total disclosure, but it is something to help defuse the volatility of 
the quarterly earnings report.
  Real-time material disclosure says if you know it, you got to tell 
it. If you know it and you do not tell it, that is a criminal penalty. 
If you did not know it but should have, that is a civil penalty. We 
want to talk about what real-time material fact disclosure means. That 
will be the subject of the conference, because that is in the House-
passed bill. But what has not been in either bill, and unfortunately I 
did not see in the motion to instruct, is to do something to actually 
help the defrauded investor. It troubles me to get home in the evening, 
turn on the TV and see some millionaire in Mississippi with an $18 
million mansion who has run a corporation into the ground and we cannot 
get the house because he built it with shareholder-defrauded funds. We 
want to include a fair fund that says within the SEC all fines, all 
penalties, everything that is disgorged, that means taken back from the 
guys who have gotten ill-gotten gains, put it into an account and then 
let the SEC be bound to distribute 90 percent or more of it to the 
defrauded investor. With all due respect, we are not into a transfer of 
wealth. We do not want to take corporate wealth and give it to trial 
lawyer wealth by simply creating new causes of action while the 
shareholder sits on the sidelines and watches assets be spent in the 
courts while the fellow is down in the Caribbean enjoying a $150-
million-a-year lifestyle. We need to fix that, and we are going to.
  In summary, the gentleman from California (Mr. Cox) talked about the 
fact that the House-passed criminal penalties for inappropriate conduct 
are twice what are now suggested by the motion to instruct. If you want 
to be tough on criminals, if you want to get the money back and you 
want to give information to investors, please defeat this motion to 
instruct.
  Mr. CONYERS. Mr. Speaker, the other side now has 12 minutes remaining 
and I have 9. I would recommend that they continue to carry on the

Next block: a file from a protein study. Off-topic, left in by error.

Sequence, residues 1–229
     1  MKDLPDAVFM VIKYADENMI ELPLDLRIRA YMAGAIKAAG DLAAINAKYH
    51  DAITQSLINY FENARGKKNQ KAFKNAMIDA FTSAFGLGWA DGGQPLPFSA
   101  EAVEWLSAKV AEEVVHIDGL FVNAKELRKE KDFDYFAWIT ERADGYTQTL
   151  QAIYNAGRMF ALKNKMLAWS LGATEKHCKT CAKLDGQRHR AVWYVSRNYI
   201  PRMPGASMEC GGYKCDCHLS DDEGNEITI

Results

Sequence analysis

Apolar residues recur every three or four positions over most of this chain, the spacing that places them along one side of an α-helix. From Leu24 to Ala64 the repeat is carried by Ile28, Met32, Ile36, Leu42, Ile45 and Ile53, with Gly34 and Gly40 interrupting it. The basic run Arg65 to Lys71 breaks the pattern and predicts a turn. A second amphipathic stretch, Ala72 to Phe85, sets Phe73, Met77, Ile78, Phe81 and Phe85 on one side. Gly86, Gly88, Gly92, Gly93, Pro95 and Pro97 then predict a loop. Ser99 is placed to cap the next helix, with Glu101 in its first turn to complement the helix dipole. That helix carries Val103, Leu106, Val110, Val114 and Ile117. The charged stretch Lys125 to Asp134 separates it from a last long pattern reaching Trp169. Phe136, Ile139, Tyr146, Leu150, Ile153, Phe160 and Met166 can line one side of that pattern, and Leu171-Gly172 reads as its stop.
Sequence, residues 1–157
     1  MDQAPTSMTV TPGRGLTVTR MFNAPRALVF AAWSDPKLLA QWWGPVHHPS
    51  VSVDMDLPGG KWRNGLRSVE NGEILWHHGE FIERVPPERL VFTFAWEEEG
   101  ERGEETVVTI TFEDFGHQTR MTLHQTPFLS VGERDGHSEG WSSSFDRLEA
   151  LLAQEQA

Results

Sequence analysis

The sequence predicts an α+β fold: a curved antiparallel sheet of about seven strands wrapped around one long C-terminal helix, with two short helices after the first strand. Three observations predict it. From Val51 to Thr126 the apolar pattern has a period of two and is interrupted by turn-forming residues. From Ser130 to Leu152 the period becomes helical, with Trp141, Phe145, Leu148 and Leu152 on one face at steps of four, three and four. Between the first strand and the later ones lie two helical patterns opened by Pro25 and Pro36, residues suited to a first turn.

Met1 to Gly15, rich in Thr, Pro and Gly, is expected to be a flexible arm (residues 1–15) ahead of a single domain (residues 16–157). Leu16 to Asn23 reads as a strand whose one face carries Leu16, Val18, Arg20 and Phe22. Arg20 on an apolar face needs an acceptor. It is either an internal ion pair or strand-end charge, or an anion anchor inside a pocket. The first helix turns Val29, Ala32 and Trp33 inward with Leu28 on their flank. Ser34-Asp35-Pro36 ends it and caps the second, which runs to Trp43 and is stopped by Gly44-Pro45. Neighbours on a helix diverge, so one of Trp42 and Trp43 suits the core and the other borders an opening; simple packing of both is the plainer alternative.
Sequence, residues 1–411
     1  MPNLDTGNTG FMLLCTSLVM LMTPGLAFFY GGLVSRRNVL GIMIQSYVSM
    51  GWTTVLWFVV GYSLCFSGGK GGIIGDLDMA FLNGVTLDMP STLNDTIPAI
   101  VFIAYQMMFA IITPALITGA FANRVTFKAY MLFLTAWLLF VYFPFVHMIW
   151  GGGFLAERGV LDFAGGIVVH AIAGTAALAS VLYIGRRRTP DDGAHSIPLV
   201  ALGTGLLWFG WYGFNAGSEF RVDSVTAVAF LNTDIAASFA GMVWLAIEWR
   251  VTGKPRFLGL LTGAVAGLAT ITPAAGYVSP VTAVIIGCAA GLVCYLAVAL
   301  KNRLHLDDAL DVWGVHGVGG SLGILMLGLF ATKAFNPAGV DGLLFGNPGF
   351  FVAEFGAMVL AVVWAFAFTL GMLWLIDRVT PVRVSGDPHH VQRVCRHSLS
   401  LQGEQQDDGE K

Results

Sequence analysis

debate.
  Mr. OXLEY. Mr. Speaker, I think the gentleman from Michigan has 
several speakers available in the bullpen. We are prepared to listen to 
their dulcet tones.
  The SPEAKER pro tempore. Does the gentleman from Michigan wish to 
yield time? Who wishes to yield time?
  Mr. OXLEY. Mr. Speaker, we have no further speakers at this time. I 
would ask the gentleman if he is prepared to yield back the balance of 
his time and we could proceed to a vote.
  Mr. CONYERS. Mr. Speaker, I am very pleased to yield 4 minutes to the 
gentleman from Michigan (Mr. Dingell), the dean of the House.
  (Mr. DINGELL asked and was given permission to revise and extend his 
remarks.)
  Mr. DINGELL. Mr. Speaker, I have heard the name Alan Greenspan 
mentioned on several occasions in connection with this. This is what 
Alan had to say yesterday:
  ``Even a small increase in the likelihood of large, possibly criminal 
penalties for egregious misbehavior of CEOs can have profoundly 
important effects on all aspects of corporate governance because the 
fulcrum of governance is the chief executive officer.''
  What he is saying there is, put them in jail, they will understand. 
The problem here is that the bill that the House has passed has nothing 
on criminal penalties but the bill passed yesterday does. The motion to 
instruct takes care of that problem.
  I think we ought to adopt the Senate bill because the Senate bill is